Dr. Sonja Gruen, Neuroinformatics, Freie Universität Berlin
It was proposed by Donald Hebb (1949) that cortical activity is organized in functional groups ('cell assemblies') that form the building blocks of computational processes by the coordinated activity of the participating neurons. This hypothesis prompted neuroscientists to record from multiple neurons at a time, to observe their simultaneous activity. Such parallel activity is analyzed for correlated activity e.g. in terms of coincident spiking activity (e.g. Riehle et al, 1997; Singer, 1999) and/or spatio-temporal patterns (e.g. Prut et al, 1998), and results are typically displayed for visualization. Another approach would be to use our auditory perceptional abilities in order to identify temporal structures in the neuronal activity. The neurophone, introduced by Aertsen & Erb (1987) suggests the idea to 'audialize' neuronal activity by presenting their simultaneous activity in a form compared to music.
Electrical signals recorded from electrodes in the brain next to neurons are reduced to the time stamps when action potentials (spikes) occurred, since the amplitude of spikes are of unique height and do not carry information. Thus, doing this for multiple neurons recorded in parallel, we get for each neuron a time series of marked points in time, which we treat as the time of occurrences of musical notes. Each neuron we treat as a single 'voice' and assign a different tone to each of them. The result is a piece of 'neuromusic', in which each neuron contributes with its tone at each time it emitted a spike.
The pieces we are listening to (implemented by Sonja Gruen (http://www.mpih-frankfurt.mpg.de/global/np/staff/gruen.htm) and Michael Erb (http://www.medizin.uni-tuebingen.de/~mlerb/), 1992) were translated from recordings 1) from prefrontal cortex in awake behaving monkey involved in a sensorimotor behavioral task (Vaadia et al, 1989), 2) from data of neural network simulations of synfire chains (Diesmann et al, 1999) and 3) from data recorded in primary motor cortex of awake behaving monkey involved in a delayed-response handmovement task (Riehle et al, 1997).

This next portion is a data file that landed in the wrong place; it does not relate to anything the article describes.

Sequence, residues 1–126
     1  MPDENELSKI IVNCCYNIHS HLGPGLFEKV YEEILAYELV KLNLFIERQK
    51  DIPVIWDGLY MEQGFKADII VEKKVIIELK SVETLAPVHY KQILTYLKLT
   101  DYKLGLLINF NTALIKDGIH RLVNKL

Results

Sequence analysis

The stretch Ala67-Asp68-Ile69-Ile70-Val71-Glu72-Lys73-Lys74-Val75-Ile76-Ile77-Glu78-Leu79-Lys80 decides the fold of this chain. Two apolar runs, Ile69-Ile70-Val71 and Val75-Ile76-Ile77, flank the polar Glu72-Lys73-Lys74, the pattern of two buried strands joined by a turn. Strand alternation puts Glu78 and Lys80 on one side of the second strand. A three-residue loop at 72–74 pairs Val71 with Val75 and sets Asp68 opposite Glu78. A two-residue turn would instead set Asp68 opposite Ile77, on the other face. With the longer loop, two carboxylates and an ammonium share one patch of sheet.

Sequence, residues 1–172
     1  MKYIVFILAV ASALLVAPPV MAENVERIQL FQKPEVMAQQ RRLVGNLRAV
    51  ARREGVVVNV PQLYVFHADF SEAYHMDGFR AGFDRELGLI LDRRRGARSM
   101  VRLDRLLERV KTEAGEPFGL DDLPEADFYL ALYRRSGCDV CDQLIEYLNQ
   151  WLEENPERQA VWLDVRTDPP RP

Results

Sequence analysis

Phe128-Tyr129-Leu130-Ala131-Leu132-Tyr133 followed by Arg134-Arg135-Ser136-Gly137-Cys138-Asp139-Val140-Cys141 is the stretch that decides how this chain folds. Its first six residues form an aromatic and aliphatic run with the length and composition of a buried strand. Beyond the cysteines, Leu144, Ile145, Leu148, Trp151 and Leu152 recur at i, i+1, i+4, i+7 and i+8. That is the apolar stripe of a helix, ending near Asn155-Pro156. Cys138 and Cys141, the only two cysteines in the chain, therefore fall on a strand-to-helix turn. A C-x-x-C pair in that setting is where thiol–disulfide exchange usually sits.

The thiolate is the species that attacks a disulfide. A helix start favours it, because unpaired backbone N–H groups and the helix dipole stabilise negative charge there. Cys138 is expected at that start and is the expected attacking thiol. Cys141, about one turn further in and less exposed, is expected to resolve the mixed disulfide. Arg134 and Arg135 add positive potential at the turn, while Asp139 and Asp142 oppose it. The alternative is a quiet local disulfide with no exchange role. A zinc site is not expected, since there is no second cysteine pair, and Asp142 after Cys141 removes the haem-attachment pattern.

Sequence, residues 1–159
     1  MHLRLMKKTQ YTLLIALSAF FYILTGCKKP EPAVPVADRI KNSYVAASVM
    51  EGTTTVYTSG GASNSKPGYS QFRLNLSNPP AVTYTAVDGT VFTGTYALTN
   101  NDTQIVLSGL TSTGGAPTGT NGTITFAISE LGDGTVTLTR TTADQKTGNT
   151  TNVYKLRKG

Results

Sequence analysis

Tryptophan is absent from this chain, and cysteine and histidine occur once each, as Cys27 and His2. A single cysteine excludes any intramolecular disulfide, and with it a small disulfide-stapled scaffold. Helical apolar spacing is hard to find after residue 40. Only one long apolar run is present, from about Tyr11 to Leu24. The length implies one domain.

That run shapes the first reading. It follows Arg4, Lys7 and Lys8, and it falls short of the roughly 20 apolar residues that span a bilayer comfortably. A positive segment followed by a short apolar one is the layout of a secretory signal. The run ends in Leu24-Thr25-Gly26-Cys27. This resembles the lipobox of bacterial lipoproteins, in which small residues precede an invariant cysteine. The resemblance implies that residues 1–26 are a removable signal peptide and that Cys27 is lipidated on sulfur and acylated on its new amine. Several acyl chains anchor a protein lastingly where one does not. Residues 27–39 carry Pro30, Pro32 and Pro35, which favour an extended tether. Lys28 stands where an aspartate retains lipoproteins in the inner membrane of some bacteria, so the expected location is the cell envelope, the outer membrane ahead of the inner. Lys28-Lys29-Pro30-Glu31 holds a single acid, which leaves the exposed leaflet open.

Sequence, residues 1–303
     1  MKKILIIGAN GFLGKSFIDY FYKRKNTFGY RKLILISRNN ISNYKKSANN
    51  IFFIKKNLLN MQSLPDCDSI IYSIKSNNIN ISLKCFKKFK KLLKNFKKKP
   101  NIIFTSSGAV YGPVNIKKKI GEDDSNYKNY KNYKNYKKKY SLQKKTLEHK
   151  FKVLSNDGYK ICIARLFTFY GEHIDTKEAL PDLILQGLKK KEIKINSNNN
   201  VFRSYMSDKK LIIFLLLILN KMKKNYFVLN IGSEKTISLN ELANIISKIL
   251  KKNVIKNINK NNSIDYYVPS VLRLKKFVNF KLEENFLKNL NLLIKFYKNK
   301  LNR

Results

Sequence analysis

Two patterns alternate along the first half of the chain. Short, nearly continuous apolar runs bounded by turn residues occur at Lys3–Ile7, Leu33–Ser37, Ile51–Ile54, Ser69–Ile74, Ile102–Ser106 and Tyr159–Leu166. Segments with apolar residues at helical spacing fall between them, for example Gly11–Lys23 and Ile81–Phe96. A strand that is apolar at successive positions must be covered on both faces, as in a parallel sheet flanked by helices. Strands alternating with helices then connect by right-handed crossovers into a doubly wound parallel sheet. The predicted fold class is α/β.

Aertsen A, Erb M (1987) Scherzo cerebri, ma non troppo: das Neurophon. (in German) In: Wahrnehmungen des Gehirns, pp 67-86. Aertsen A, Palm G, Popp M, Schüz A (eds). Tübingen (FRG): SynAPPS. http://www.brainworks.uni-freiburg.de/
Diesmann M, Gewaltig M-O and Aertsen Ad (1999) Conditions for stable propagation of synchronous spiking in cortical neural networks. Nature 402: 529-533 http://www.chaos.gwdg.de
Prut Y, Vaadia E, Bergman H, Haalman I, Slovin H and Abeles M (1998) Spatiotemporal Structure of Cortical Activity: Properties and Behavioral Relevance. J Neurophysiol 79(6): 2857--2874.
Riehle A, Gruen S, Diesmann M and Aertsen A (1997) Spike Synchronization and Rate Modulation Differentially Involved in Motor Cortical Function. Science, 278:1950-1953. http://lnf.cnrs-mrs.fr/crnc/cortex/
Singer W (1999) Neural synchrony: a versatile code for the definition of relations. Neuron 24: 49--65. http://www.mpih-frankfurt.mpg.de/global/np/staff/singer.htm
Vaadia E, Bergman H and Abeles M (1989) Neuronal Activities Related to Higher Brain Functions - Theoretical and Experimental Implications", IEEE Trans Biomed Eng 36(1): 25-35. http://www.md.huji.ac.il/depts/physiology